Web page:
They were Twentysomethings with a lot of time on their hands and nothing better to do

Friday, June 3rd, 2022

An interesting pattern recurs across the careers of great scientists, Dwarkesh Patel notes, an annus mirabilis (miracle year) in which they make multiple, seemingly independent breakthroughs in the span of a single year or two:

Einstein had his annus mirabilis in 1905. While he was still a patent clerk, he wrote four papers that revolutionized our understanding of the photoelectric effect, Brownian motion, and special relativity.

Newton’s annus mirabilis came to him between 1665 and 1666, when Cambridge responded to the Bubonic plague by sending its students home to quarantine. During that time, Newton, aged 22, developed the theory of gravity along with the language of calculus required to express it.


Many other great scientists — Copernicus, Darwin, von Neumann, and Gauss — also seem to have had an annus mirabilis.

Miracle years happen outside of pure science too. In his memoir, Linus Torvalds talks about how he spent the summer before turning 21 reading an operating systems textbook cover to cover, how later that year he built a terminal emulation program just for fun, and how he spent all his time working on this program until pretty soon it morphed into a full operating system called Linux. That was his annus mirabilis.

Even writers have miracle years. Just recently, the popular fantasy author Brandon Sanderson announced that in the year or two since the pandemic began, he has secretly written five extra novels in addition to the ones his fans knew he was writing.

Perhaps, he suggests, there’s a brief window in a person’s life where he has the intelligence, curiosity, and freedom of youth but also the skills and knowledge of age:

These conditions only coincide at some point in a person’s twenties. It wouldn’t be surprising if the combination of fluid intelligence (which declines steeply after your 20s) and crystalized intelligence (which accumulates slowly up till your 50s and 60s) is highest during this time. Stephan and Levine (1993) find that most Nobel laureates do their prize winning work in their late 20s or early 30s.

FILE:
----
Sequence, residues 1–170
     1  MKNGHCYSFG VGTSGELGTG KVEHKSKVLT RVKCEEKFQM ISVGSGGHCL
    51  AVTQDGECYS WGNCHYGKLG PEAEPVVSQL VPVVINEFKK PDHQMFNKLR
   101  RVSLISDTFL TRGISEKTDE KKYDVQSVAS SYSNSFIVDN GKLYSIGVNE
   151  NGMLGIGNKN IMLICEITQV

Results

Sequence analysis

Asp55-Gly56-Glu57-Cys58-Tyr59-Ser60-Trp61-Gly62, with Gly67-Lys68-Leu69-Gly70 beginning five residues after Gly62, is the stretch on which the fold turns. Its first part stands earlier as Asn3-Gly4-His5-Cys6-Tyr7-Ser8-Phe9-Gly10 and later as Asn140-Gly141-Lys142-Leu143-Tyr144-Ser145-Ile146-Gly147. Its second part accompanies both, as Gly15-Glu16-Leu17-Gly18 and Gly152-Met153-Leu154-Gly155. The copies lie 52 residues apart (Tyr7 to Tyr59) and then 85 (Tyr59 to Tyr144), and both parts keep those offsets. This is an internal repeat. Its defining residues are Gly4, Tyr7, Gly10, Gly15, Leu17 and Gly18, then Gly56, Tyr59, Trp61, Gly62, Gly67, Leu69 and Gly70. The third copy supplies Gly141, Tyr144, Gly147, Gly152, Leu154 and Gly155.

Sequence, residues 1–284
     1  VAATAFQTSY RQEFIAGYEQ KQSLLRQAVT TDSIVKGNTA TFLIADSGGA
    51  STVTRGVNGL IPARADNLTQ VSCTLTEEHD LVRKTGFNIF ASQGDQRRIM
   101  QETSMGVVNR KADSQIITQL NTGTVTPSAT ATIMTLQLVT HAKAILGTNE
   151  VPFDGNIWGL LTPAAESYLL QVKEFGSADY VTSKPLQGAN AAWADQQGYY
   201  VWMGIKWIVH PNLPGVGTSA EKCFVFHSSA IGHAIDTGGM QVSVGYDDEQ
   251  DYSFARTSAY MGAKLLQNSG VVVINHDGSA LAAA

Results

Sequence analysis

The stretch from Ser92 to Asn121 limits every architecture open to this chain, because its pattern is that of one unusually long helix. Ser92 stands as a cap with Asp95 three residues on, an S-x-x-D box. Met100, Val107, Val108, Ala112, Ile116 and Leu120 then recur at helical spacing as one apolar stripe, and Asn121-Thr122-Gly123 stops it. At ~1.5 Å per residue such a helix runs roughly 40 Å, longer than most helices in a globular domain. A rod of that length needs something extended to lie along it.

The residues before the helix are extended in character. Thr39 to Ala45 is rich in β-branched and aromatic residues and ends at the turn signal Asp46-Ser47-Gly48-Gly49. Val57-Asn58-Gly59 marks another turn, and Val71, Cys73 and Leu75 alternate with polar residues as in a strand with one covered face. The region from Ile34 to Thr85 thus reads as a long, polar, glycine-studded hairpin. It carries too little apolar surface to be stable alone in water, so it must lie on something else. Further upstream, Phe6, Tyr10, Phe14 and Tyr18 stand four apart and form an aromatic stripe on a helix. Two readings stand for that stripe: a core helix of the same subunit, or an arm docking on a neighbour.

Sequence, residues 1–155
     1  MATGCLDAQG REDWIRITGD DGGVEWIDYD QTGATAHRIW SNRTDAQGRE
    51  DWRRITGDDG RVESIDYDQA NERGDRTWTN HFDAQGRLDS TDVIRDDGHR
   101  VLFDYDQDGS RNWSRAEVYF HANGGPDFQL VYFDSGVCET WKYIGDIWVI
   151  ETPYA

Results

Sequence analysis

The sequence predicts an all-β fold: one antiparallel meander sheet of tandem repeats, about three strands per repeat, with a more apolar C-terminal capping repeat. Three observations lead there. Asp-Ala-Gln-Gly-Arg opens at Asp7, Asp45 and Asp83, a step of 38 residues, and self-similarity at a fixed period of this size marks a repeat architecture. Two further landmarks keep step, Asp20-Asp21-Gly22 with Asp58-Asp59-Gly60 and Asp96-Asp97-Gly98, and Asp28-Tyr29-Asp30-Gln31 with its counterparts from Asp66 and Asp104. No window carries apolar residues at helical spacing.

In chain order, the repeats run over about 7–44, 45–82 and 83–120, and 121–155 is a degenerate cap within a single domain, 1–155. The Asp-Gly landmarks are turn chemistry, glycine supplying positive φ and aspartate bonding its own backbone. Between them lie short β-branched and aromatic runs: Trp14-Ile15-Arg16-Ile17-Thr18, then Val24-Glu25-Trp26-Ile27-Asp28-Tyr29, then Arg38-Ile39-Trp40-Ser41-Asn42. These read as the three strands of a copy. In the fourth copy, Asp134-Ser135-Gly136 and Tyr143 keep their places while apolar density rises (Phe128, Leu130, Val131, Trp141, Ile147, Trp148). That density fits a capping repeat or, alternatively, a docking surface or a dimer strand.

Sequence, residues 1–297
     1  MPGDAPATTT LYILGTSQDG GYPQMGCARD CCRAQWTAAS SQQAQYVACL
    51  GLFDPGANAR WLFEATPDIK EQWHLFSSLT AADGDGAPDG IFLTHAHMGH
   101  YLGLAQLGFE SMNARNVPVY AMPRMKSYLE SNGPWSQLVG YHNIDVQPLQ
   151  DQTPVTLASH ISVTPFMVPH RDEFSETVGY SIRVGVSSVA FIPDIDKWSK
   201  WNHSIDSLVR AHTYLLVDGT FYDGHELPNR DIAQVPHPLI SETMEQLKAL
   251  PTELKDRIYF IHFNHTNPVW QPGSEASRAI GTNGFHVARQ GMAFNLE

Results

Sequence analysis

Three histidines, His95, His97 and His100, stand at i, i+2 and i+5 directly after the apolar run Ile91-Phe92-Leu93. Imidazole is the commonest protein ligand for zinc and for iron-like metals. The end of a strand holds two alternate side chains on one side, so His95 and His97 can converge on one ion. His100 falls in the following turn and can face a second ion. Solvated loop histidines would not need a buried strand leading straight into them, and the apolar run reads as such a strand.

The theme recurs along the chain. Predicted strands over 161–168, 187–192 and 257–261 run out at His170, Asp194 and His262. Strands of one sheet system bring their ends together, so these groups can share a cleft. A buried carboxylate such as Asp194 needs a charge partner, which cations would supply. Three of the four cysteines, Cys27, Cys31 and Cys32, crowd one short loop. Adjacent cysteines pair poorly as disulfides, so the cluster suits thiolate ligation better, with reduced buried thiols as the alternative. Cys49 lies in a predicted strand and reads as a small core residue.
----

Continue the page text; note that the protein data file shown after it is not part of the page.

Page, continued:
During his miracle year, Einstein was a patent clerk, Newton was a college student dismissed for quarantine, and Darwin was a trust fund kid who had just finished a long voyage aboard the HMS Beagle and still didn’t know what to do with his life. They had no obligations to research some old professor’s hobby horse using his particular technique or paradigm.

Given how many of the great scientific discoveries have come about during miracle years, he argues, we should do everything we can to help smart Twentysomethings have an annus mirabilis:

We should free them from rote menial work, prevent them from being overexposed to the current paradigm, and give them the freedom to explore far-fetched ideas without arbitrary deadlines or time-draining obligations.

It’s depressing that I have just described the opposite of a modern PhD program.


  1. Pseudo-Chrysostom says:

    In other words, Patel bemoans the loss of an open aristocracy.

  2. Gavin Longmuir says:

    “We should free them from rote menial work …”

    Or should we encourage their creativity by making them do massive amounts on mind-numbing rote work, say like being a patent clerk?

    “give them the freedom to explore far-fetched ideas without arbitrary deadlines or time-draining obligations.”

    Like, say, imposing the isolation of arbitrary unnecessary prolonged Lock Downs? Maybe China is onto something in Shanghai!

  3. Adar says:

    Newton was given a sinecure from the government after his earliest research. Doesn’t seem to have done much in the years that followed.

    Einstein was quite active but not with a whole lot of more of discoveries to be made [you can reasonably ask what more can you expect from one man].

    Von Neumann continued to do much more research with advances throughout his whole life.

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